By Carol Buchli, USA Funds Consultant
You’re likely reviewing your school’s draft 2011 two-year cohort default rate data, released last week, and draft 2010 three-year cohort default rate data, released on Monday
. If you’re planning to appeal your rates, keep in mind six common errors to avoid in the cohort default rate appeals process:
Student leaves one school and enrolls at another school before the grace period expires from the original school. If a student’s grace period has not expired, loans will not enter repayment until the student withdraws, drops to less than half-time attendance or graduates from the subsequent schools. A borrower is not included in a cohort default rate calculation until one of that borrower’s loans enters repayment.
To determine if students have enrolled in another institution, you should review National Student Loan Data System
information for all schools for students. Providing information that a student left school in a different fiscal year is not, by itself, sufficient for challenging the data. Your school must be able to show that a student did not attend another institution after withdrawal.
If you’re filing a cohort data challenge, include a screen print from NSLDS showing enrollment detail “For All Schools” for each student included in the challenge. If your school files enrollment status updates through the National Student Clearinghouse, you should include screen prints from the Clearinghouse so that the guarantor can verify when status updates were reported.
Untimely or inaccurate updates. When a school never has reported that a student has withdrawn or dropped to less than half-time attendance, a lender often will use the anticipated graduation date (shown on the loan certification by the school) as the last date of attendance. In a cohort data challenge, you have to be able to show that student status changes were reported in a timely and accurate manner. The fact that a student withdrew or dropped to less than half-time attendance is one element of the challenge, but you must be able to verify that the information was reported to the lender or the guarantor in a timely manner.
Student attends a school for a term, drops out for a term (or longer), and then later re-enrolls. When you receive the Loan Record Detail Report, you may see the name of a student who currently is enrolled and decide that the data must be in error. But if the student did not attend the school for a period of at least six months, some of the student’s loans may have entered repayment before the student re-enrolled.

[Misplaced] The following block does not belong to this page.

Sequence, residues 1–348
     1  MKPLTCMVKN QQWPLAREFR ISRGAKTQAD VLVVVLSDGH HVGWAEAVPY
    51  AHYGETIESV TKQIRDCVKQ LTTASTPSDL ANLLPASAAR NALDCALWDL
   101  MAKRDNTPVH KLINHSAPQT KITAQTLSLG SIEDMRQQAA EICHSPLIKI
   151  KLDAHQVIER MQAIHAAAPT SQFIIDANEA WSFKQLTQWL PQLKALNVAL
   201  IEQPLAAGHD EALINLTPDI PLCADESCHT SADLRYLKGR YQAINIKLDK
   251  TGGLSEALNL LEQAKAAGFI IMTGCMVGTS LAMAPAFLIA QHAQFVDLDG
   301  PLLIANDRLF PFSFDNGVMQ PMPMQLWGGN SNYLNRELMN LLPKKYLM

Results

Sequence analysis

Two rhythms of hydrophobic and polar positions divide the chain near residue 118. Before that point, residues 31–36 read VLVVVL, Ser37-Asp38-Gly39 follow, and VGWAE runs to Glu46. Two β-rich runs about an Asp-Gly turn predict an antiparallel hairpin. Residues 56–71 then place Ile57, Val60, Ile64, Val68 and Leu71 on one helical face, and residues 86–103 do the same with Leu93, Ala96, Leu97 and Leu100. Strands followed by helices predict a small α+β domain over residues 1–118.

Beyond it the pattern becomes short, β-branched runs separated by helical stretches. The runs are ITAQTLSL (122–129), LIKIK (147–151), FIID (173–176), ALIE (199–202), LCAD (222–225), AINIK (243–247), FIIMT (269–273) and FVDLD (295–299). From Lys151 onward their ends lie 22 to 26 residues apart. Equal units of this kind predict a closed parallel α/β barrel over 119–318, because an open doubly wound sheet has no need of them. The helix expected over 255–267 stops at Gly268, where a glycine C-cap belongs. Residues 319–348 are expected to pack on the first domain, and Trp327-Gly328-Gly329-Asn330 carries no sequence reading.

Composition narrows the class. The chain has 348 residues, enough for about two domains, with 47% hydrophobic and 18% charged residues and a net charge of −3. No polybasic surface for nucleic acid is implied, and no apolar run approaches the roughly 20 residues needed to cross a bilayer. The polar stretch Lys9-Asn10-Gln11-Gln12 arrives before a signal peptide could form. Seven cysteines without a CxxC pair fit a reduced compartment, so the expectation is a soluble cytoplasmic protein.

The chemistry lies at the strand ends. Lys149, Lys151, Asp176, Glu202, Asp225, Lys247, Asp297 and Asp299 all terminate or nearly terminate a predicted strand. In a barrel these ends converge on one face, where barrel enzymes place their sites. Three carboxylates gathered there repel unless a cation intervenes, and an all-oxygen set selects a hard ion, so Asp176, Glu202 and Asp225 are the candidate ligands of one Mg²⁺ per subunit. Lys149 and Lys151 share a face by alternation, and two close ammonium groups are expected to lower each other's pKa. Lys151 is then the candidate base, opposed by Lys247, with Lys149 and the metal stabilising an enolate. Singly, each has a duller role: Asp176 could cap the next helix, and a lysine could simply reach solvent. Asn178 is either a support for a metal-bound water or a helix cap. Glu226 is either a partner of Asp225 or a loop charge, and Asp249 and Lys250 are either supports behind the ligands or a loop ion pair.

Prior to filing a data challenge, look carefully at the loans listed in the LRDR to be sure that the information listed for the specific loans actually is the information that needs to be corrected. In the data challenge, if you provide information that may be pertinent to other loans but has no effect on the loan listed on the LRDR, your challenge for that loan will be denied.
Correct cohort year for the date entered repayment versus the last date of attendance. The “date entered repayment” is six months plus one day after the last day of attendance (or the last date of half-time attendance). For example, if the student’s LDA was March 30, 2009, or March 31, 2009, the DER would be Oct. 1, 2009 (2010 cohort year). If the student’s LDA was March 30, 2010, or March 31, 2010, the DER would be Oct. 1, 2010 (2011 cohort year).
Inclusion of Stafford loans that have been canceled, or PLUS or consolidation loans. Schools sometimes mistakenly try to include Stafford loans that have been canceled by the student before the loan enters repayment. But Stafford loans that are canceled before entering repayment are not included in the cohort default rate calculation.
PLUS loans never are included in the cohort default rate. Consolidation loans may appear in the cohort default rate calculation when the underlying Stafford loans of the consolidation loan entered repayment during the cohort default period. If the consolidation loan defaults in the same cohort period that the underlying Stafford loans entered repayment, then the borrower will count as a default in the calculation.
Failure to include supporting documentation
. Challenges and appeals must include documentary evidence that the school believes is appropriate in support of its challenge or appeal. Read Chapter 3.1 (pages 3.1-7 and 3.1-8) of the Cohort Default Rate Guide
to learn more.
Tips for reviewing your rates. Don’t forget the 10 tips that Michael Bertonaschi, my colleague on USA Funds®’ team of consultants, shared for reviewing your draft rates and potentially submitting an incorrect data challenge.
For assistance with the review of your draft cohort default rate, contact your USA Funds representative. USA Funds Ask PolicySM is another great resource — use the online form
to submit your questions about default rate appeals or other federal financial aid policy issues.